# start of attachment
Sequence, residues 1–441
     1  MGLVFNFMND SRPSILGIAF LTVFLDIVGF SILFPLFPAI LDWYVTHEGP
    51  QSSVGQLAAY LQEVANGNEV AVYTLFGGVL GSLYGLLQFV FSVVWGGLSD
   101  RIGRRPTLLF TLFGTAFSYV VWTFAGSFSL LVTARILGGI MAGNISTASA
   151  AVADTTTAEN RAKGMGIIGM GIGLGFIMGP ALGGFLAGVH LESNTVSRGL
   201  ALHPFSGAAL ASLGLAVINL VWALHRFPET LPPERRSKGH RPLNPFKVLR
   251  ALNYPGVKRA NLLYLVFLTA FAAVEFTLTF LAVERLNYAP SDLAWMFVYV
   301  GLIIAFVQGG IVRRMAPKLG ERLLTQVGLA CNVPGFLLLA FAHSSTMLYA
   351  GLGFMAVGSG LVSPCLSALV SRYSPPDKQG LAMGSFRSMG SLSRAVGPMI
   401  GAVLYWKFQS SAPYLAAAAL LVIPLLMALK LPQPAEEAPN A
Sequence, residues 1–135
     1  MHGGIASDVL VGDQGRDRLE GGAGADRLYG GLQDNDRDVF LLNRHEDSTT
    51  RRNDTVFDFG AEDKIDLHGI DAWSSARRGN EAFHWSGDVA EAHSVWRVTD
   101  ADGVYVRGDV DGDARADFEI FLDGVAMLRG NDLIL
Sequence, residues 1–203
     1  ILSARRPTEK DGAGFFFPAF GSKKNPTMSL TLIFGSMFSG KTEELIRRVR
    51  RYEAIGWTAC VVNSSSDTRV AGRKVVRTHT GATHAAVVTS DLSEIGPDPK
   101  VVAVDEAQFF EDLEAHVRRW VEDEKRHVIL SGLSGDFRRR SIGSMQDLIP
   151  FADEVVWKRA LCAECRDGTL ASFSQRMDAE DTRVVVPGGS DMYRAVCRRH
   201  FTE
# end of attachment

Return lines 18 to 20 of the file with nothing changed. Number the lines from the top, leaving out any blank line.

   101  VVAVDEAQFF EDLEAHVRRW VEDEKRHVIL SGLSGDFRRR SIGSMQDLIP
   151  FADEVVWKRA LCAECRDGTL ASFSQRMDAE DTRVVVPGGS DMYRAVCRRH
   201  FTE